The new days of disco

Posted Oct 6, 2022 11:12 AMUpdated Oct 6, 2022, 11:16 a.m.

A pure studio product, a real fantasy machine, disco revolutionized the music industry like society’s taboos. On the vinyl tracks jostled vocal groups survivors of soul and gospel, interchangeable girl groups, black divas programmed to “orgasm” for hours, voiceless bodybuilder machos, sexy supermodels “yoghurting” lovemi-kissmi… Soundtrack of the night, the disco made the dance music feverish, etching in the memories of stainless tubes and places that have become mythical. A few seasons ago, the design firm Vitra, via the exhibition “Night Fever, Designing Club Culture 1960-Today” (2018), revived for the first time the design of American and European nightclubs, an aesthetic then amply taken up on the covers records and in fashion magazines. Scenographed and set to music by star designer Konstantin Grcic, “Night Fever” reopened the doors of some legendary temples such as Studio 54 and the Palladium or the Bains Douches. Opened in 1977 by Steve Rubell and Ian Schrager within the gigantic walls of the former CBS studios in New York, Studio 54 was decorated by Scott Romley and Ron Doud. Inaugurated in 1985 by the same duo, the Palladium, housed in a former cinema, owed its look to the Japanese architect Arata Isozaki with mural frescoes by Keith Haring, Jean-Michel Basquiat, Francesco Clemente… Rubell and Schrager will also entrust Andrée Putman the realization of their New York hotel Morgans, absolute manifesto of the black/white of the 1980s.

In Paris, in 1978, the Palace preceded the Bains Douches by a few months in the calendar of thundering openings. Coming from Sept, Fabrice Emaer had bought an old decrepit music hall which will remain in its own juice, the music mixed by Guy Cuevas and the clientele sufficient for the phenomenon. The creation of the Privilege club, under the Palace, will bring the Garouste into the decor: Gérard-the-painter for the walls, Elisabeth-the designer with Mattia Bonetti for the furnishings. More radically, the Baths, which belonged to a couple of antique dealers, will rock the Parisian nightlife in a new design dimension thanks to Philippe Starck, without this oukaze resembling any disco style, with the exception of the dancefloors with multicolored luminous squares and disco balls. An accessory around which the chandelier Régis Mathieu has just extrapolated the collection of “Crystal Fever” lighting in rock crystal placed under the assumed and asserted sign of disco. The same influence for Gabriela Sismann: high-flying antique dealer in Paris and a jewelry designer, her Instagram account connected to the Bee Gees with You Should Be Dancing to announce her new collections and related fiestas.

Sexy impulses and sensual accents

Announced by a few beginnings, the disco current in decoration is manifesting itself at all levels. Crowned Designer of the Year by Maison & Objet, the Milanese Cristina Celestino is one of its talented pioneers with her sensual shapes and solid colors seen at Fendi as well as with many Italian and Brazilian publishers (Etel). His wallpapers for the firm Misha refer to the visuals of the albums of the groups Ritchie Family (Brazil) or Kid Creole and the Coconuts. Before her, the much maligned Karim Rashid propels his hotels, restaurants and apartment decors into a permanent disco. Ditto with Rodolphe Parente, whose festive work is visible until October 30 in the former bishopric of Toulon, consecrated seat of the Design Parade Toulon.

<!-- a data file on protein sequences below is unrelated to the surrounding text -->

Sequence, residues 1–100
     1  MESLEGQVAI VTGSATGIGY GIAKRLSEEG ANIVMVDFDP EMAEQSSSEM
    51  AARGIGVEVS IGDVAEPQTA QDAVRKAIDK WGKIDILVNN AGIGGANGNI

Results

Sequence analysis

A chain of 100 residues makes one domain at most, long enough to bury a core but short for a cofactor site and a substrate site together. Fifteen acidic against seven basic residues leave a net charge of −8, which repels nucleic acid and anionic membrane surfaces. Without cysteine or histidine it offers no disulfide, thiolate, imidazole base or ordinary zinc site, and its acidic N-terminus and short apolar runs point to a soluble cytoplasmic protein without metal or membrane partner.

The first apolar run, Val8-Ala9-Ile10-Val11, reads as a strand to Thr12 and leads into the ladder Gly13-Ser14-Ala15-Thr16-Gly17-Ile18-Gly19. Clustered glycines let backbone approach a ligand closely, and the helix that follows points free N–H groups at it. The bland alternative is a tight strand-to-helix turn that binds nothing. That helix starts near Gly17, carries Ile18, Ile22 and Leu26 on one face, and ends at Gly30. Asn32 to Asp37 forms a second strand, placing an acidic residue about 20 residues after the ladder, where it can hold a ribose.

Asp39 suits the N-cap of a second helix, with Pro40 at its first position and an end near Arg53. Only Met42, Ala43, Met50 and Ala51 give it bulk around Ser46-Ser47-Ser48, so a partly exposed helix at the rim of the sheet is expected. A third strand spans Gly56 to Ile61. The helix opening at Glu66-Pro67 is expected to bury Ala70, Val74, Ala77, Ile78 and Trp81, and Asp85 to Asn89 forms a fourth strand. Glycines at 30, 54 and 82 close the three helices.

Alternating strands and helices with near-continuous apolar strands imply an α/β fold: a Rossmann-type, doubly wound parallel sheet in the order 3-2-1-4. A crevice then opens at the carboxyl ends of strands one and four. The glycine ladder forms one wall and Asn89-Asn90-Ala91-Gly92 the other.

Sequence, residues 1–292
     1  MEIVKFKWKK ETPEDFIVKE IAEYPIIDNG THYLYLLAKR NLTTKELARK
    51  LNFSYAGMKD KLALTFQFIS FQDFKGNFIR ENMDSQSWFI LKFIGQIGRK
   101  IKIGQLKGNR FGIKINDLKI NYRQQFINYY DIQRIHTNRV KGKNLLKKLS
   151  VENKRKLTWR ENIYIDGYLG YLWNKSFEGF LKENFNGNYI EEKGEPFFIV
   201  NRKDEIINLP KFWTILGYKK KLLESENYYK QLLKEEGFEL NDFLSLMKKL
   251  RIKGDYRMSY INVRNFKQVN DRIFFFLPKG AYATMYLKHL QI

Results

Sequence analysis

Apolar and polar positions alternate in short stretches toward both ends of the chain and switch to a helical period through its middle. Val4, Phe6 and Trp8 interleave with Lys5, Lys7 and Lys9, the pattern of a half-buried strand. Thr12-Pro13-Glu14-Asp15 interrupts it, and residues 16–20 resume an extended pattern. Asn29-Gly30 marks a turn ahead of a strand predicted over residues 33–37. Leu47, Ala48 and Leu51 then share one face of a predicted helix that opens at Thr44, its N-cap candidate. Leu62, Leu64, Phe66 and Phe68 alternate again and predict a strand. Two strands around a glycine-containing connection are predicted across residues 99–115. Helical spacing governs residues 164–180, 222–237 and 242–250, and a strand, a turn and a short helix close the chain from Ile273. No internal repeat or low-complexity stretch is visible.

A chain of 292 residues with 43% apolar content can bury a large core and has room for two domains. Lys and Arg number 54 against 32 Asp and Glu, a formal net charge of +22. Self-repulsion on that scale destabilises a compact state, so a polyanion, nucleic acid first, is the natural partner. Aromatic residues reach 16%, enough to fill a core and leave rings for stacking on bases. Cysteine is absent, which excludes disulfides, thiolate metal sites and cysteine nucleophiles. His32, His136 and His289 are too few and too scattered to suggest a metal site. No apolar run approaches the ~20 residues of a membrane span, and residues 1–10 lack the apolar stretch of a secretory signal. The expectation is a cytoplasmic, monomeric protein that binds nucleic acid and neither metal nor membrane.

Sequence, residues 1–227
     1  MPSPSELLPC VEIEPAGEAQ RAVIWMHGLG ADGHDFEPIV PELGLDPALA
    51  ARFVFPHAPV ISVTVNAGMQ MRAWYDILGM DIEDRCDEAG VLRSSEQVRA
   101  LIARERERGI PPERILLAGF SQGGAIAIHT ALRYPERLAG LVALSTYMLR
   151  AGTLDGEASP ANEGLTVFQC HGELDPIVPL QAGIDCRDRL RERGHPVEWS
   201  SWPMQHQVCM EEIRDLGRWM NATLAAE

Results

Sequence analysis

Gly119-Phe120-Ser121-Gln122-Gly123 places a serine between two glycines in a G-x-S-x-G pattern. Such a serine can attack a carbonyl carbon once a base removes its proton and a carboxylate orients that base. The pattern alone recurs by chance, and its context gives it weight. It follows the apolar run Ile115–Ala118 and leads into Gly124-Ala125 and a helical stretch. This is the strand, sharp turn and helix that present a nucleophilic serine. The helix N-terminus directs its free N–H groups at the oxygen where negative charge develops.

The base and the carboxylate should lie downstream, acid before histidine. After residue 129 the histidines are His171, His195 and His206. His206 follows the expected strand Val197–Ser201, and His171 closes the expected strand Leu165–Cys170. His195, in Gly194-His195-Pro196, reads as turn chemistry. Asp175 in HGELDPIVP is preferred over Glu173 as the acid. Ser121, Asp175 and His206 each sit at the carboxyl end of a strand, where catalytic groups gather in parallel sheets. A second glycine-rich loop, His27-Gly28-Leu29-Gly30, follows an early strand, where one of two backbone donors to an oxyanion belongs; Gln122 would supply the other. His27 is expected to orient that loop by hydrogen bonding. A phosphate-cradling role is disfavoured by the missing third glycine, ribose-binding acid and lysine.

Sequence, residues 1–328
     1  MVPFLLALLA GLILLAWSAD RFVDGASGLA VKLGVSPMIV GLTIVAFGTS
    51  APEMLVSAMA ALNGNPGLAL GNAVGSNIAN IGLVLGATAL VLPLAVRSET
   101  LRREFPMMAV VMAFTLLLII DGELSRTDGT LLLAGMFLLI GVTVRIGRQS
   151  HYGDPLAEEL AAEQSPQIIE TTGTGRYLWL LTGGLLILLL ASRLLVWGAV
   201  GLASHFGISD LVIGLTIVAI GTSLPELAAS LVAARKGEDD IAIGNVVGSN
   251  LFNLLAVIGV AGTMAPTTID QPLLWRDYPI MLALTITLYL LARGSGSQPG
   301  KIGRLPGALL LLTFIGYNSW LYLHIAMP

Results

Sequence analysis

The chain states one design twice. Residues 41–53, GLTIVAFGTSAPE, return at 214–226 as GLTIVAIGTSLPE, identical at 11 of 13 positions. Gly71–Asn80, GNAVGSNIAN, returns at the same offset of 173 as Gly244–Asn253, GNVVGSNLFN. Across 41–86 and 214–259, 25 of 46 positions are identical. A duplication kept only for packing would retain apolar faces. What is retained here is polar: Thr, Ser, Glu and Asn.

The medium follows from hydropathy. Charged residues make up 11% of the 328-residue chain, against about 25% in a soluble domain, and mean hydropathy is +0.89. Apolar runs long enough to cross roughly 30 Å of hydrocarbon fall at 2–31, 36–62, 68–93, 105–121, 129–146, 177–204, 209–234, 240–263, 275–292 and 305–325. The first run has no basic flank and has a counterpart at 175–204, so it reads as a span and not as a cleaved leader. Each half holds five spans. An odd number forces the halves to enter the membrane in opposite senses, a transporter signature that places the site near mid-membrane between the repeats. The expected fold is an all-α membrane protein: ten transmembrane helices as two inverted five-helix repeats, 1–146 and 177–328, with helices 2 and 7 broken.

“Signal F1 Polychromatic” floor lamp, Barber & Osgerby for the Kreo gallery.©Alexandra de Cossette Kreo Gallery

One can also dig into the bins at Kartell (vases by Ettore Sottsass) or at Bitossi (ceramics by Karim Rashid, precisely) to extract tutelary disco pieces, referred to the Memphis current and as if coming out of a graphic palette of cover of albums by Lime, Lipps Inc., Change or Grace Jones. The disco atmosphere also passes through the light with the “Joy” wall lamps by the Italian duo Draga (Obradovic) & Aurel (Basedow), giant laser candy canes, or with the “Signal F1 Polychromatic” floor lamp by Barber & Osgerby produced at eight copies by Galerie Kreo. The idealized vehicle of all sexy impulses, the disco coats the decoration with sensual accents with, in particular, the “Kiss” seats by Sebastian Bergne for Pierre Frey. Finally, disco was the first triumph of electronics and a founding sound. The result was a computerized, pixelated, proto-digital aesthetic, visible on vinyl covers and which then inspired many designers of the Memphis group. Presented in Paris last September at the Hotel de Soubise, the D3Sign Capsule operation aimed to project decoration into a digital future with several teams made up of well-known and recognized designers and 3D artists. Among them, the designer Sam Buckley and the digital artist Anthony Authié (Zyva Studio), creators of the “Hexominoes” armchair as taken from a record cover by Giorgio Moroder, inventor of Munich Sound, producer of Donna Summer and magician of the world electro-dance.

In 2000, Kylie Minogue sang Your Disco Needs You at the top of her lungs. A tube co-written with Robbie Williams and which urged his fans to take matters into their own hands and in French: “You are never alone! You know what to do! Don’t let your nation down! The disco needs you!!! “And the decor too…

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The new days of disco


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